Late Tuesday evening, Akshay Kumar put up a post on his Instagram – a teaser of him interviewing the Prime Minister Narendra Modi. The caption promised his followers a “freewheeling conversation” – one that would be completely “non-political” in nature.
The complete interview, which aired Wednesday morning, in true Modi fashion, did not delve upon any issues that the electorate might want the prime minister of the country to address at a time when elections are underway.
— Chowkidar Narendra Modi (@narendramodi) April 23, 2019
But that was true to the spirit of what the interview promised – a conversation that would completely steer away from the ongoing elections and politics – something, as Kumar rightly pointed out, the whole country would be talking about.
But instead of a “free-wheeling” fun chat, what viewers were greeted with was an opening question that made Modi’s aam eating habits appear as though it was a national secret that India’s citizens have been dying to have unveiled.
From there, the interview, which goes on for a little more than an hour, comes across only as an exercise in self-adulation by the PM. All through this now familiar exercise, an over-enthusiastic Kumar eggs the prime minister along, while vouching for everything Modi had to say.
From mangoes, the conversation drifted to the topic of gifts being exchanged by leaders of opposition, Modi’s take on memes and so on.
Even the memes that were chosen were in line with the rest of the conversation – one of them even praised Modi as the harbinger of “equali-tea”.
At the end of the day, if there’s anything that the prime minister has proved his mettle at in the past five years, it’s his PR skills.
That sums up today’s interview as well – the man repeatedly attempted to emphasise which qualities set him apart from the rest. He also kept harping on about how he is a saint, with no worldly afflictions and one who is supremely devoted to work.
Modi brought up his humble background, his life in the villages, all the hardships he faced and a few lines about life as a chai-wallah.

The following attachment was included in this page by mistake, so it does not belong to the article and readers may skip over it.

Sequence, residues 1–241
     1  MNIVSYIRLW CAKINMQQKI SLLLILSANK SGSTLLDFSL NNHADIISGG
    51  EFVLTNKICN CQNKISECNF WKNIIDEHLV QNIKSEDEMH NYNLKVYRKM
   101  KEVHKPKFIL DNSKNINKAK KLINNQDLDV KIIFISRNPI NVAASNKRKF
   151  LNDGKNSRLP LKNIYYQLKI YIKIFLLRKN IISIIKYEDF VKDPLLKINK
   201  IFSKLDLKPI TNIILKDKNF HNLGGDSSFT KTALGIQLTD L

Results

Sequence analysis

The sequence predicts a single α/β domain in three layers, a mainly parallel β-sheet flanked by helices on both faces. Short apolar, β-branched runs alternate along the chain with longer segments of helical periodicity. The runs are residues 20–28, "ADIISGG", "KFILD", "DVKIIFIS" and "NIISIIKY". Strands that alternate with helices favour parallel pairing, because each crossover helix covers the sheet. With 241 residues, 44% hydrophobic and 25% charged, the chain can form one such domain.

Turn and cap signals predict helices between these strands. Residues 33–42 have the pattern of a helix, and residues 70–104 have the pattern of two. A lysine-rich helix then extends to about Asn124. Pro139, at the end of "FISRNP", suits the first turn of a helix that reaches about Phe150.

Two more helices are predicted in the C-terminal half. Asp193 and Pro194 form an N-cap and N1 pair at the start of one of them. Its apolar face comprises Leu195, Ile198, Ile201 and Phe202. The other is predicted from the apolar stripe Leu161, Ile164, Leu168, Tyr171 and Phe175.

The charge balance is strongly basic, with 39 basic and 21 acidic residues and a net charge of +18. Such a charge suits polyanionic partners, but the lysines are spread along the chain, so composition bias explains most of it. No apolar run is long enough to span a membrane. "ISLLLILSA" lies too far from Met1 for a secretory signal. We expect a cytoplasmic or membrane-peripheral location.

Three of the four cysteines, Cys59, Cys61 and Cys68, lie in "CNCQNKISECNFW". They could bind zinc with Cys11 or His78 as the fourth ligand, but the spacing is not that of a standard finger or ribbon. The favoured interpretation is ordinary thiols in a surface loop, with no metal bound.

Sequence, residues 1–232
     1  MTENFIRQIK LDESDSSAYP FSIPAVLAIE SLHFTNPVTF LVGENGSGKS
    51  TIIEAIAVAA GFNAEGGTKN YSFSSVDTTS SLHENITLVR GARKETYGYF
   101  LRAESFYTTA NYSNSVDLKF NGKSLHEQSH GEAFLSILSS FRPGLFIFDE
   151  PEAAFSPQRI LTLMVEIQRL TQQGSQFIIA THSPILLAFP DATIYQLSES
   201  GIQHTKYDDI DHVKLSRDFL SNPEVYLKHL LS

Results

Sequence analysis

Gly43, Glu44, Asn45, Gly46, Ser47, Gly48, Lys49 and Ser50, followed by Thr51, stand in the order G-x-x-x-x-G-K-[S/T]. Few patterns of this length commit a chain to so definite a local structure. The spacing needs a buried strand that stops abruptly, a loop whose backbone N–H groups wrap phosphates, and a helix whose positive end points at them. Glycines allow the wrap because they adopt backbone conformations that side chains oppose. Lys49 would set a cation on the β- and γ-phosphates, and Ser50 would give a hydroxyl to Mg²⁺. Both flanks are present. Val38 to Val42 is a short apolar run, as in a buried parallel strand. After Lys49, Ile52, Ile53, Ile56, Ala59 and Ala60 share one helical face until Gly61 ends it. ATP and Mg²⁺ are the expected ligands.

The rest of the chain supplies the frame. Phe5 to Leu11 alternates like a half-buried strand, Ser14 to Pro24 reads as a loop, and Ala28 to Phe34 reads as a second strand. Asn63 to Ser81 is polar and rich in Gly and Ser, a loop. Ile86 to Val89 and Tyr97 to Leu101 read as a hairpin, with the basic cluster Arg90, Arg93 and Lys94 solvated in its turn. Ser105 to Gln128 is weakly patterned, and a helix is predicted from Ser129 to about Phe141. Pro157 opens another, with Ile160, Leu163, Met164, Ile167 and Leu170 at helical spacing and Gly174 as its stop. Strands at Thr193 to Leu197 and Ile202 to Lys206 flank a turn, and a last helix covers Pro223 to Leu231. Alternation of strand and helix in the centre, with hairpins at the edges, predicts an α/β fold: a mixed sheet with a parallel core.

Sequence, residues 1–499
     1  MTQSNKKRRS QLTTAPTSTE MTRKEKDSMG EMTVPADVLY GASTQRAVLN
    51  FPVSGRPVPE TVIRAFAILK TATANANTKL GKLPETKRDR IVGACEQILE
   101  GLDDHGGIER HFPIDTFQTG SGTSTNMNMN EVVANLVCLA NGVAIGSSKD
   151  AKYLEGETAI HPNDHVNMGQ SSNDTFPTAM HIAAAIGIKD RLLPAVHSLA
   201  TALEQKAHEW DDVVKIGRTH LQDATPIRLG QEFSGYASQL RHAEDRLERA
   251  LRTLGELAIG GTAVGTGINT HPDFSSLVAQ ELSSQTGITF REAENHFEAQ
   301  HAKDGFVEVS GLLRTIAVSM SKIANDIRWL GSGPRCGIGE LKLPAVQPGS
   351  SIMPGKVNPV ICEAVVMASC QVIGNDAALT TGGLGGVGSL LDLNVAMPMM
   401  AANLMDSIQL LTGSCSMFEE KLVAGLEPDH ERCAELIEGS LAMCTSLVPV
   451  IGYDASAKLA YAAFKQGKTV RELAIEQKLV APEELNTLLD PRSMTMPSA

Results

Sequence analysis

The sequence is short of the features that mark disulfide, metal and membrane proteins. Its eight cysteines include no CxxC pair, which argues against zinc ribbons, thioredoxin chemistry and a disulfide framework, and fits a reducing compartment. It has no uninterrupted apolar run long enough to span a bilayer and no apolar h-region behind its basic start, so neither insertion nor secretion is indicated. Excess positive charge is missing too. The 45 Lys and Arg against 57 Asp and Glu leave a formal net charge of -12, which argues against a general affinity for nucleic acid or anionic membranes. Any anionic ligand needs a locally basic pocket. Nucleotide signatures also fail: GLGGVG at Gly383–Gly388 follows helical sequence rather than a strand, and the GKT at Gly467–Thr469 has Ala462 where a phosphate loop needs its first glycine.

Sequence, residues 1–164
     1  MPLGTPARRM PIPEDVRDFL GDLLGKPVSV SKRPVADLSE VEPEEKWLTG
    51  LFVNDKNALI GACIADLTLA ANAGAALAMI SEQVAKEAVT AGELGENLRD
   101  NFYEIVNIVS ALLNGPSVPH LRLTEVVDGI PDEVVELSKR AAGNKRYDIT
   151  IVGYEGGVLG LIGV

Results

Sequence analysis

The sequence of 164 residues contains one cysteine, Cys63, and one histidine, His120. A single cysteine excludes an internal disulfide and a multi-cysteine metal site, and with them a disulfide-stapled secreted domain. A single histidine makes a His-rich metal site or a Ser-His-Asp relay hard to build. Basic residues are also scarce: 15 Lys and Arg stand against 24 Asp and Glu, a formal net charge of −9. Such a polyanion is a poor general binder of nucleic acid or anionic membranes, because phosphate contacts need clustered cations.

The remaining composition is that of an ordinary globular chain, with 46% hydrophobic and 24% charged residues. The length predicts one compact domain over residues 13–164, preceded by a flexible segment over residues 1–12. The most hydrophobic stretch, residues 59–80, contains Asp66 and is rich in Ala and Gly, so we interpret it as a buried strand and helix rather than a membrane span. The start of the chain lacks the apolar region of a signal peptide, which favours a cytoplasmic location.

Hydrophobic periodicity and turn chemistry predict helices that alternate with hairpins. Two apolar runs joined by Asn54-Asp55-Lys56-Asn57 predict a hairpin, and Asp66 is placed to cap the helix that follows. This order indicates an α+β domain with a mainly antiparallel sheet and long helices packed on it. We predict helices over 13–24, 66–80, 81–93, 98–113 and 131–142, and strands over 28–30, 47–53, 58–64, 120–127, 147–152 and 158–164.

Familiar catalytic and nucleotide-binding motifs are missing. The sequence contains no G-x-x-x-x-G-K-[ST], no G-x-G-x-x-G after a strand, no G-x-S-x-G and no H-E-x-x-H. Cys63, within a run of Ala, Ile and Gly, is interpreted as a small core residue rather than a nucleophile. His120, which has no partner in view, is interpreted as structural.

Modi, he reiterated, isn’t like the ‘rest’ of India’s political hordes – like the ‘samajwadis’ who are apparently known for putting up a façade of being astute.
Though the conversation was meant to stay apolitical, the prime minister also took out moments to make digs at liberal India.
Bulls on parade
Over the past five years, the PM has refused to hold a single press conference or answer any hard questions. To expect Akshay Kumar to ask such hard questions would have been a bit of a stretch, in all honesty.
But what irks me the most about this interview was the attempt to sell at something non-political, as an entertainment special when it so obviously waded into political territory with each jest and jibe.
The interview, in reality, was just another self-serving exercise in an attempt to further the cause of the PM in India.
Kumar, himself, cannot claim to be non-partisan.
Over the past few years, he has successfully established himself as a true-blue Modi fan. Even the film projects he has taken on over the past few years affirm this. He has been associated with several government schemes and also advertises ayurvedic products.
Why then, does one have to put up the pretence of remaining neutral?
This, however, is hardly the first time that an A-list Bollywood actor has come out in support of the Modi government.
The past few months have seen a spate of films being released that either valorise the achievements of the incumbent government or stick to narratives that are in tune with the BJP’s Hindu nationalist agenda.
A brigade of celebrities from the film fraternity even visited the PM in early January 2019, a picture of which went viral, sparking varied thinkpieces on Bollywood’s complicity in allowing a climate of hate to persist.
While this points to an industry that is in many ways aligning itself with the majoritarian ideals of the present government, actors often choose to present themselves as removed from the world of politics.
Ironically in an interview, during the promotion of the film Gully Boy, a film that highlights political themes, actor Ranveer Singh was quoted as saying that he is “pretty apolitical”. He also said that he was “apathetic when it comes to politics…involved in his own world”.
In a country that continues to witness an ever-shrinking space for free expression, one must never forget that the ‘apolitical’ is usually plain speak for the political.
Sreya Roy Chowdhury is doing her masters in media and cultural studies at Tata Institute of Social Sciences, Mumbai.
Featured image credit: Twitter